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When to See the Vet and When to Treat at Home
AKC Family Dog Magazine Offers a Guide for When to Treat Your Dog at Home and When to Call the Vet
Emergencies for your dog can happen at any time. Some are minor, while others can be life threatening. In the November/December 2010 issue of American Kennel Club's AKC Family Dog contributor and veterinarian Jeff Grognet, DVM offers advice on what you can treat at home and when you should bring your dog to the veterinarian. Among them:
Any eye problem your dog has needs to be seen by a veterinarian. Most people can't tell if their dog has a scratch that will heal on its own, or glaucoma which will cause vision loss very quickly.
Vomiting and diarrhea
Sudden, mild vomiting is common and can be treated at home, as long as the dog is not inactive and lethargic and the vomiting stops. Withhold food and water for 12 hours. Once the 12 hours have gone by, offer your dog water. If he can hold the water down for two hours, offer some bland food. Diarrhea can be treated at home by withholding only food. "Whenever vomiting or diarrhea continues, or the dog is depressed, or if the dog is under 16 weeks old or is a senior, it's time for a veterinary visit," says Dr. Grognet. "These dogs are fragile and a little dehydration can make them ill."
Bloat happens to a dog when the stomach begins swelling with air and rotating, which closes off the entrance and exit. Symptoms of bloat include drooling, trying to vomit, anxiety, pacing, and a swollen belly. This disease is very dangerous and needs immediate treatment from your veterinarian.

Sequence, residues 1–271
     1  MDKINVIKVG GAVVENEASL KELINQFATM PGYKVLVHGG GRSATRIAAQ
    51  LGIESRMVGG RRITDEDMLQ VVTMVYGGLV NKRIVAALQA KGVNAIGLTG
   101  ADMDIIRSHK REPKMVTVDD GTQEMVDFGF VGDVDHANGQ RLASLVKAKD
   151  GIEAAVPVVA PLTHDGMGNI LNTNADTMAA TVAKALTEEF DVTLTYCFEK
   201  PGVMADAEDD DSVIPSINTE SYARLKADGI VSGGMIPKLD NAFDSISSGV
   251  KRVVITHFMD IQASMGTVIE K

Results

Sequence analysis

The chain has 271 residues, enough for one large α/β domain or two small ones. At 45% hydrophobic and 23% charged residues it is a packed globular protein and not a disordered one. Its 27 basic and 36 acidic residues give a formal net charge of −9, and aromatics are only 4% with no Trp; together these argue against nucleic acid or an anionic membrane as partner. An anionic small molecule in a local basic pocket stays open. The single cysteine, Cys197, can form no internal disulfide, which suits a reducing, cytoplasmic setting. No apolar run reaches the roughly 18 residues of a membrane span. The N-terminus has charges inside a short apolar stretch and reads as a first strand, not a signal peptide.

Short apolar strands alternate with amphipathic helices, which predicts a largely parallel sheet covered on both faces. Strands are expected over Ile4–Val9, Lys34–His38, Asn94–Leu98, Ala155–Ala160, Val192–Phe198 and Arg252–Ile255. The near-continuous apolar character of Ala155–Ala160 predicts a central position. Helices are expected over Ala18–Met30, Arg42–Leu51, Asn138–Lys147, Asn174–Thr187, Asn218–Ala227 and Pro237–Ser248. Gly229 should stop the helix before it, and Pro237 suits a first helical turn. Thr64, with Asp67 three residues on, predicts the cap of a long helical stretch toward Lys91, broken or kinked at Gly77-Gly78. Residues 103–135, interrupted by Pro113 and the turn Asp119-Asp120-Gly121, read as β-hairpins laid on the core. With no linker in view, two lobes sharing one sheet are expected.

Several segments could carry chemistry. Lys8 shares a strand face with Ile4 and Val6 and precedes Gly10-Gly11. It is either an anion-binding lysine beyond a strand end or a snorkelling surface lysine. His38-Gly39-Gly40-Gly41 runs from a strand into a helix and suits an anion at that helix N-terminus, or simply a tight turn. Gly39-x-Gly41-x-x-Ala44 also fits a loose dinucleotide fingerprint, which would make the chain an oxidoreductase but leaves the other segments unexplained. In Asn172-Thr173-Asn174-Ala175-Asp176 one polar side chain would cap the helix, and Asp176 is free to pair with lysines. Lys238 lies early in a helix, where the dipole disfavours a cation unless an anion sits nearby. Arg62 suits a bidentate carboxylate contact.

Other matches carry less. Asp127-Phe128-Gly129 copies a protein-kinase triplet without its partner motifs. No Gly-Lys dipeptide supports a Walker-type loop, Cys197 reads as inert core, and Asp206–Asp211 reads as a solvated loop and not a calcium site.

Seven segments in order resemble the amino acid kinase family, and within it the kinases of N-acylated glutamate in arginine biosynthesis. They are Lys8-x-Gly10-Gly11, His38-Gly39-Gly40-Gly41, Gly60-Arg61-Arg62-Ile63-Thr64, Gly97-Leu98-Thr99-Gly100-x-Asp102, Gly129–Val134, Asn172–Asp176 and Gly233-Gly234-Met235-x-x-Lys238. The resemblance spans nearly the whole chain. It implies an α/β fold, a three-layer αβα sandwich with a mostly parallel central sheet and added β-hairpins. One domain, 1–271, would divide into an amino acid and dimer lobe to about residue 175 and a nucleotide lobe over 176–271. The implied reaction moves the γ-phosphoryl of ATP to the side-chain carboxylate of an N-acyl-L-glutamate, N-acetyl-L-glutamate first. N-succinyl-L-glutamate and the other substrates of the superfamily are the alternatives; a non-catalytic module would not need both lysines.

Your dog might have an allergic reaction from insect bites or stings, food, or medications. What most commonly happens is the muzzle and eyelids will swell. While this is uncomfortable for your pooch, it is not dangerous. He may also develop hives on his body which are very itchy, but also not dangerous. Consult your vet on how to keep your dog comfortable during an allergic reaction.
In addition, the article offers a list of items dog owners should have on hand. Among them:
Adhesive tape for bandaging.
Sterile dressing pads for covering wounds.
Gauze sponges for covering or cleaning wounds.
Antiseptic soap/solution for cleaning wounds.
Plastic Elizabethan collar to prevent your dog from licking wounds or irritated skin, or rubbing at his eyes or ears.
Blanket or towel to keep your dog warm or to carry him hammock-style.
More emergency situations can be found in the November/December 2010 issue of AKC Family Dog. To subscribe to AKC Family Dog, go to www.akc.org/pubs/index.cfm